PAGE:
NCHR reviews impacts of pandemic measures on civil, political rights

Public security officer pull up a car for inspection in an otherwise vacant street during blanket lockdown measures in 2020 to curb the spread of COVID-19. (Photo: Jordan News)
Public security officers pull up a car for inspection in an otherwise vacant street during blanket lockdown measures in 2020 to curb the spread of COVID-19. (Photo: Jordan News)
AMMAN — The National Center for Human Rights (NCHR) on Wednesday released a report highlighting the impact of the COVID-19 pandemic and related measures, including defense orders and lockdowns, on civil and political rights.اضافة اعلان

The report covers the March-May period of 2020, during which the Kingdom saw a blanket lockdown aimed at curbing the spread of the virus. The report is based on firsthand observations, public feedback and complaints, and in-house analysis of relevant defense orders, according to NCHR Chairman of the Board of Trustees Irhail Gharaibeh.

The report recommended that the application of the Defense law and Martial Law be linked to constitutional controls that protect public rights and freedoms, the Jordan News Agency, Petra, reported. It also said the power to order custody for violations of defense orders must be limited to the judicial authority while avoiding overcrowding in temporary detention centers.

The report indicated that despite the measures taken by the Judicial Council and the State Security Court to limit the spread of the coronavirus, the center had received complaints related to the right to a fair trial during the period covered by the report, namely the inability of some individuals to seek legal assistance, and the inability of lawyers to meet incarcerated clients. 

To that end, the NCHR called for expanding remote litigation and virtual courtrooms, applying alternatives to imprisonment and expanding the use of the legal aid system.

As for the freedom of movement and of residence, the center said it had observed a “clear discrepancy” in the extent of monitoring the implementation of the curfew in several governorates of the Kingdom, as well as in different regions within the same governorates.

The report called for amending Defense Order No. 8 by canceling the article on the “publication or re-publication or circulation of any news about the pandemic that would horrify people, or sow panic among them through the media or social media,” because, according to the center, existing legislation is sufficient and that the text of the defense order “risks expanding the scope of criminal prosecution in a way that affects freedom of expression and press freedoms.”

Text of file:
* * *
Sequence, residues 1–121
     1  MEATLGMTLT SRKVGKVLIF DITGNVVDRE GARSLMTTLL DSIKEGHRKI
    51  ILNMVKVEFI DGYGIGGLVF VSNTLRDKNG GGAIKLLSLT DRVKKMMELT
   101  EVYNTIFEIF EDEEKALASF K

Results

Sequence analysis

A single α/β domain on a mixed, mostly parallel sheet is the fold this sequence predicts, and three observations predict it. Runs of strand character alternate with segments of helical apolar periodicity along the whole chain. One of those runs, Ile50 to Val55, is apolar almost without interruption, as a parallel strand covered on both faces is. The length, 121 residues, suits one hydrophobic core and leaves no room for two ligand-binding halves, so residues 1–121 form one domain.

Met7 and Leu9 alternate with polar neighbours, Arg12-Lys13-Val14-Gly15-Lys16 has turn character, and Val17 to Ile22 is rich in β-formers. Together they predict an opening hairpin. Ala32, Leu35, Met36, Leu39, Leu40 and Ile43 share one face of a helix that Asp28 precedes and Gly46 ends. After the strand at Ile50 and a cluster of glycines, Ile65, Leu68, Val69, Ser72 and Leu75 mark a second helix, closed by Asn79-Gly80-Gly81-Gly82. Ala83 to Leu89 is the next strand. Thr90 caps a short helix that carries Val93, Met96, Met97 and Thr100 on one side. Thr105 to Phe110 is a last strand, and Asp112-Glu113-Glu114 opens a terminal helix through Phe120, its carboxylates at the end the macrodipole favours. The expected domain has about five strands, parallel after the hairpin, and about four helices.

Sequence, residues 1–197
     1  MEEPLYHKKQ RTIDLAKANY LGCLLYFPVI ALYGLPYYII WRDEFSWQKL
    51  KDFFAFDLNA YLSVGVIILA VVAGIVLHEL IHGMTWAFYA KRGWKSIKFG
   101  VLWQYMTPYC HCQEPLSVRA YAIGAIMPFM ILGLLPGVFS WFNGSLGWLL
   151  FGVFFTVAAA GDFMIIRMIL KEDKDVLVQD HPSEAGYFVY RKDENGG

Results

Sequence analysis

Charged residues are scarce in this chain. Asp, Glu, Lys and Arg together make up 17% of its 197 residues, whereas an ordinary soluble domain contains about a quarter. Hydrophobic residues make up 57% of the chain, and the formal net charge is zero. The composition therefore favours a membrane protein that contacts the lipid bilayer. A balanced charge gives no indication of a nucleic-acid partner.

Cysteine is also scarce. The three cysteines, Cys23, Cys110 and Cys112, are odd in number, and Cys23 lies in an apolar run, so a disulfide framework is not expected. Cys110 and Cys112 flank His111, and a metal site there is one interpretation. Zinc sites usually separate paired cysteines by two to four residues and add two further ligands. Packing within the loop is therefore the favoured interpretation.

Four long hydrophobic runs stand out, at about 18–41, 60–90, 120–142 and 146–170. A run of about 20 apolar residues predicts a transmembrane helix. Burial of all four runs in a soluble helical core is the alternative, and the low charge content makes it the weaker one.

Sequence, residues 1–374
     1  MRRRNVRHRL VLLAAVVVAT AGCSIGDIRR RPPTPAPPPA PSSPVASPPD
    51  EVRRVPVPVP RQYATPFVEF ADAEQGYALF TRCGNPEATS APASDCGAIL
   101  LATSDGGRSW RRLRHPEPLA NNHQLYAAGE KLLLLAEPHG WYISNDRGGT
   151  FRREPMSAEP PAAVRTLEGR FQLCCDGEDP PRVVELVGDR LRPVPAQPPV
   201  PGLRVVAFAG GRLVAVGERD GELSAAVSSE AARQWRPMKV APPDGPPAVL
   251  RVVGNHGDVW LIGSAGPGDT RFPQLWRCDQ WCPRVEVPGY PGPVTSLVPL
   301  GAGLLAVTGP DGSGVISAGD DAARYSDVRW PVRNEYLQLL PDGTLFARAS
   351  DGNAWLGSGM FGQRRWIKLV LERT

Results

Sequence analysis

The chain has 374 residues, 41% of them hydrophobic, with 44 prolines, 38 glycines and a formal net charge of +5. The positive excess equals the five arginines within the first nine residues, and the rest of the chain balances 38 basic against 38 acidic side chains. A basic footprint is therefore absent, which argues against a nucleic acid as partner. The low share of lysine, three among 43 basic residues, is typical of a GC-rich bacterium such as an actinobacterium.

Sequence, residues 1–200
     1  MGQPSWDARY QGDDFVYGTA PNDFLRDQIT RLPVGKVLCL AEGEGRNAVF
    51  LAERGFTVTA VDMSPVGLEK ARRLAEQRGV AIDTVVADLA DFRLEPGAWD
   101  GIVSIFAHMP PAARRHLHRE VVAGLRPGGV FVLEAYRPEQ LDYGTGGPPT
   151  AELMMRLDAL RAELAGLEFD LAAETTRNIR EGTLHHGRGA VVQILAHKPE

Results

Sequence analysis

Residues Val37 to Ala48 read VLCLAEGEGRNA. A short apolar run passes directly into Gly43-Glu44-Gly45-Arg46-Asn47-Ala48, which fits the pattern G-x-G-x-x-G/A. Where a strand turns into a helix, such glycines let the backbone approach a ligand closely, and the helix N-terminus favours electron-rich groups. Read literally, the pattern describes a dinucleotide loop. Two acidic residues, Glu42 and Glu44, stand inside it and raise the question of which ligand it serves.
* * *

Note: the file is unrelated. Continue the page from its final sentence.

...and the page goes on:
The report cited violations of the right to privacy, following the announcement of the first infection in the Kingdom early last year, indicating that the personal data of infected individuals were disclosed, in addition to the dissemination of official documents, photos and videos belonging to infected persons and their families. 

Accordingly, the report called for protecting the right to privacy of individuals, especially their personal data and amending legislation to ensure full protection beyond Defense Order No. 8, and demanded legal action against those violating the privacy and confidentiality of individuals. 

From March 18 to May 10 of 2020, the NCHR received 57 complaints, including 38 related to civil and political rights, and 6 related to economic, social and cultural rights, according to Petra. 

The number of complaints related to the rights of the most vulnerable groups stood at 13. The center also received 18 assistance requests, all of which are related to economic, social and cultural rights.

Read more National